4. A Case Study of the Network Analysis
In order to verify the effectiveness of the coordinated model, a real transit network is analyzed in the paper. Considering the data availability and the field investigation, BRT Line 1 in Beijing and its 8 feeder buses are chosen as the case study. The transit network is shown as in Figure 1.
4.1. Parameters Setting
As shown in Figure 1, numbers 1–17 are the bus stops of BRT line 1, and stops 1–17 are the transfer stops. Lines 1–8 are the feeder bus lines of BRT line 1. According to the real operational data, the basic parameters of the BRT line 1 and its feeder bus lines are assumed as follows: total vehicle capacity of a BRT vehicle and a bus is 160 and 90 people. The maximum allowable load factor of a BRT vehicle and a bus is 120%. The passenger volume (people/h) of each section during peak hour 7:008:00 and offpeak hour 13:0014:00 of the BRT line and the bus line is obtained from the smart card data. And the transfer passenger volumes, transfer walking time, and dwell time of BRT and bus are also investigated. Thus, the maximum departure interval is calculated based on Formulation 12 and the maximum section of passenger flow. Besides, unit cost of driver driving time yuan/min, fixed cost per kilometer yuan/km, and unit variable cost yuan/km·seat are used in calculating the operation costs. The value of time of passenger is 1.5 yuan/min. Compared with the bus, BRT is a kind of transportation with higher punctuality rate, which runs on the exclusive bus lane. Thus, the arrival time distribution of the BRT vehicle is assumed to be a uniform distribution. And the arrival time distribution of the bus is normal distribution as a result of the uncertainty in the process of operation.
Then genetic algorithm is used to solve the coordinated operation model of BRT and bus. Parameters of genetic algorithm are set as follows: population size , crossover probability , mutation probability , number of generations .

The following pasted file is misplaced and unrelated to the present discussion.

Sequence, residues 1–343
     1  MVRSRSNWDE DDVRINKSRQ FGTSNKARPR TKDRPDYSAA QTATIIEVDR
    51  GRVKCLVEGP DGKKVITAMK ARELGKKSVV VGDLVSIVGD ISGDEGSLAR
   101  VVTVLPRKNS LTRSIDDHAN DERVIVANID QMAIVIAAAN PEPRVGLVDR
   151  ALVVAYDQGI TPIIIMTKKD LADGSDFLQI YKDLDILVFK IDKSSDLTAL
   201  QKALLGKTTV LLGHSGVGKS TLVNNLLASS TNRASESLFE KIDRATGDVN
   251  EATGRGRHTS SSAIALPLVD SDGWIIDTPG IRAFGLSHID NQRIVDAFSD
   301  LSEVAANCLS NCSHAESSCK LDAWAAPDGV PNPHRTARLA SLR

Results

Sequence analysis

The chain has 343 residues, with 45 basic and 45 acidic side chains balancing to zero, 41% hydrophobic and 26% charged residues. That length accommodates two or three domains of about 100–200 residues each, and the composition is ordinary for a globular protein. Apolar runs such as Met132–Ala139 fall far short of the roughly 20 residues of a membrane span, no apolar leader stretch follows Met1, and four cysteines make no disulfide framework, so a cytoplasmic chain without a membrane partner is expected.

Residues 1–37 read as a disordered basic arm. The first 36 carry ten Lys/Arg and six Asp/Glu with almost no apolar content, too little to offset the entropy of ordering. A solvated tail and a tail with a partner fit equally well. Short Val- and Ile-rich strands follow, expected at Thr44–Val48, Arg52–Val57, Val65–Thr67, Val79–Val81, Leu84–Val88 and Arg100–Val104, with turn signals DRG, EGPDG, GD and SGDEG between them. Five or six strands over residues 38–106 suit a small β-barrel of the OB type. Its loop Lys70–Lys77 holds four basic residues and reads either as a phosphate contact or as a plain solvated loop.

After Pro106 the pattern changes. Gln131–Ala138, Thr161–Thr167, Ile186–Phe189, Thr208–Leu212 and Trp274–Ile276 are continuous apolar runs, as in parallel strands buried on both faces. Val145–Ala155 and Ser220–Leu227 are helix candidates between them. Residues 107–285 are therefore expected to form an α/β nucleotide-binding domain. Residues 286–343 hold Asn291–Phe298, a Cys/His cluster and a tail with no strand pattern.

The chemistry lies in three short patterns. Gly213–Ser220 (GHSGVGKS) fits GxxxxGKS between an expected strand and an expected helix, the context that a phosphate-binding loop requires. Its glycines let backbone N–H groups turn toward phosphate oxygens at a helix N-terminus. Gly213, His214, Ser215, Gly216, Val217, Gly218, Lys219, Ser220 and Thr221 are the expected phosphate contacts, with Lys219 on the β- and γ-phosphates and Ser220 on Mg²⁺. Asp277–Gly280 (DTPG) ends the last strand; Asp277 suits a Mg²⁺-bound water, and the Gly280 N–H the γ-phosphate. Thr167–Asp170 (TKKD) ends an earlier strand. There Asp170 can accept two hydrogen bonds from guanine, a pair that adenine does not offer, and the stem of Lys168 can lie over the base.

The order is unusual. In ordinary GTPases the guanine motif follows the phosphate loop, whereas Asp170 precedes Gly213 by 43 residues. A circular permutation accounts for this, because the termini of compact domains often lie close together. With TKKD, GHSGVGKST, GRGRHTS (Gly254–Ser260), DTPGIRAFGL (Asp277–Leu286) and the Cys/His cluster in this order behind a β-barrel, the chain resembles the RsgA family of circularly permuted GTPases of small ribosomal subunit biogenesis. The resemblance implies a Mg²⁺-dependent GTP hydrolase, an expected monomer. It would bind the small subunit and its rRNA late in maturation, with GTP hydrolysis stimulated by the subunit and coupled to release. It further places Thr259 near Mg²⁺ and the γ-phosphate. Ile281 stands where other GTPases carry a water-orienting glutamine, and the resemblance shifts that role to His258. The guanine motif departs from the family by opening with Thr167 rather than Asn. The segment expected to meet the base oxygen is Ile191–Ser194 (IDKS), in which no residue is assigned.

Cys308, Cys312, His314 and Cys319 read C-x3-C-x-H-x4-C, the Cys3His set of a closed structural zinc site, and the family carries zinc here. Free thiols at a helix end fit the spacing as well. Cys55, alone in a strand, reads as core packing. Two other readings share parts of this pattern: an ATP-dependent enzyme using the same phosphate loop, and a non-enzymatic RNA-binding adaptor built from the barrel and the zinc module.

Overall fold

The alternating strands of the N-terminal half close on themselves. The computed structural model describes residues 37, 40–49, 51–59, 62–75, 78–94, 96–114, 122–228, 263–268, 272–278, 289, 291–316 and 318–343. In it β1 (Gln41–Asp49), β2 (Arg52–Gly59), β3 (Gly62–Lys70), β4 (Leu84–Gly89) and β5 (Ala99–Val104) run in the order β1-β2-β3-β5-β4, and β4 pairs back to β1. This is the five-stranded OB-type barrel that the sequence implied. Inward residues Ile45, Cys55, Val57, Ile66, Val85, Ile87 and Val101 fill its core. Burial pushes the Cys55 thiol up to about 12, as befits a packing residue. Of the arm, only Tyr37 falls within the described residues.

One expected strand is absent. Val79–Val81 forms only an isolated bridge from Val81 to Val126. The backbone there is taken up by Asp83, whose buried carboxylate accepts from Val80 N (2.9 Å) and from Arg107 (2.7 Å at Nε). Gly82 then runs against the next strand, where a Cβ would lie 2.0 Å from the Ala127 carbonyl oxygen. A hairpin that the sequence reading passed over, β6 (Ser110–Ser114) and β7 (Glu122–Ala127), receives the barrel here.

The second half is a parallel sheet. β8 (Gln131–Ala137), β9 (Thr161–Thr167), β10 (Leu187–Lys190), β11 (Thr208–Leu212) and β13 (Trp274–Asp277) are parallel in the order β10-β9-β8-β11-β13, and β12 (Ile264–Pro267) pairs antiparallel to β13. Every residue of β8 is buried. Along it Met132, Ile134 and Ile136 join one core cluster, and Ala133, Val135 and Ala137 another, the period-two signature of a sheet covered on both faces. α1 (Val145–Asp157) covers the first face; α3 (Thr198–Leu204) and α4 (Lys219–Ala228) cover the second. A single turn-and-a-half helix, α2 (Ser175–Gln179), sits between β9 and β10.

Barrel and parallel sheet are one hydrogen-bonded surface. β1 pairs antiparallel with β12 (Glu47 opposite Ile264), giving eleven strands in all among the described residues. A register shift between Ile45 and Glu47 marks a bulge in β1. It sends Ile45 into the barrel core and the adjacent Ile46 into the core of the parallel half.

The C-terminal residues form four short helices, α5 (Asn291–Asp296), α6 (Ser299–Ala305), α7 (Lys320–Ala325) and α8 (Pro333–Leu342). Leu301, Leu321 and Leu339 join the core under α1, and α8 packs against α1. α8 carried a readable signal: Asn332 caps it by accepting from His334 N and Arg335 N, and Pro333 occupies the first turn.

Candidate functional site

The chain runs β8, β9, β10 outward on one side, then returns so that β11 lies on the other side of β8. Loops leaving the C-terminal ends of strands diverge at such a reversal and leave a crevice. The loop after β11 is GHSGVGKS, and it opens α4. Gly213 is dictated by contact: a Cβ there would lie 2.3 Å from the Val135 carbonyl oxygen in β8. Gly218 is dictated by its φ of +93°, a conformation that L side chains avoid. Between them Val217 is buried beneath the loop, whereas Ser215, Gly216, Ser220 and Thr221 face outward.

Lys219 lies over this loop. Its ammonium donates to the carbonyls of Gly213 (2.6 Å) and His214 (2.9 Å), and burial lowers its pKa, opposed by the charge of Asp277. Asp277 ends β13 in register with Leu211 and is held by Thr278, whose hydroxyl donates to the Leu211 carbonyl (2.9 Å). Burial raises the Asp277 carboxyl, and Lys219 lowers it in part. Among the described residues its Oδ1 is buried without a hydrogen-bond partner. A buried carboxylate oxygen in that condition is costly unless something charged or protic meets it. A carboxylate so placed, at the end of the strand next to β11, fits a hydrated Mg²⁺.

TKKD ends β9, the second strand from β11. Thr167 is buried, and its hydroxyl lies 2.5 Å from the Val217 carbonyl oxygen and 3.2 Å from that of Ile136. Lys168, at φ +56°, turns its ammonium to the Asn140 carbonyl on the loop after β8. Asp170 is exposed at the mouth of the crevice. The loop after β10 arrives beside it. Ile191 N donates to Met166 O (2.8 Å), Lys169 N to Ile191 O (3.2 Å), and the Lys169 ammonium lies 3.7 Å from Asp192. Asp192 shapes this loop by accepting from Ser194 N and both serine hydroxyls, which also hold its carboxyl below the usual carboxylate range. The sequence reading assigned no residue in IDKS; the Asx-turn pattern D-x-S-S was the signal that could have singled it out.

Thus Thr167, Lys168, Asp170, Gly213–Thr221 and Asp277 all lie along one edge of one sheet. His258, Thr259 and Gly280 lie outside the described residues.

4.2. Results Analysis
After setting the parameters, the genetic algorithm is applied. The generation is shown as in Figure 2, which shows that the convergence occurred well within 300 generations. The solution continuously improved with the increase of the generation number.
(a) The generation of offpeak hour
(b) The generation of peak hour
The optimization results of offpeak hour and peak hour are shown in Tables 1 and 2. h_{B} and represent the optimized headways of BRT line 1 and its 8 feeder buses. ①, ②, ③, and ④ represent four kinds of operation modes. ① is the coordinated operation of BRT and bus during offpeak hour. ② is the coordinated operation of allstop BRT and bus during peak hour. ③ is the coordinated operation of allstop BRT, skipstop BRT, and bus during peak hour. ④ is noncoordinated operation of BRT and bus during peak hour.


In order to compare the costs change between different modes, rate of change is used in the paper. The rate is calculated as follows:The comparison results between different operation modes are shown in Table 3.

5. Conclusions
Route generation and schedule coordination are two important aspects for the operational integration of public transport modes. This study focuses on schedule coordination and a coordinated operation model is established. Then genetic algorism is applied for solving the model effectively. The following conclusions can be drawn from the model development and results analysis.(1)Optimized headways of the BRT and bus networks can be obtained through the coordinated operation model. Total costs decrease after implementing coordinated operation.(2)Coordinated operation can improve the efficiency of transfer significantly. Comparing the coordinated and noncoordinated operation of allstop BRT and bus during peak hour, passenger costs reduce significantly during peak hour through coordinated operation. It is because passengers waiting time decreases when coordinated operation of allstop BRT and bus is implemented. However, the operation costs increase caused by the larger number of vehicles needed after implementing coordinated operation.(3)In the paper, coordinated operation model is applied in the operation of both allstop BRT and skipstop BRT during peak hour. Comparing the coordinated operation of allstop BRT and bus during peak hour and the coordinated operation of allstop BRT and skipstop BRT and bus during peak hour, the total costs of the system with skipstop operation decrease significantly. The reason is that, with skipstop operation, the total travel time becomes shorter than the one for allstop operation, depending on the stopping constraints. Invehicle travel time becomes shorter due to skipping stops, although waiting and transfer times increase. However, the operation costs increase due to the larger vehicle fleets after implementing the skipstop operation. Only when the stopping stops are carefully coordinated can skipstop service benefit passengers and transit agencies.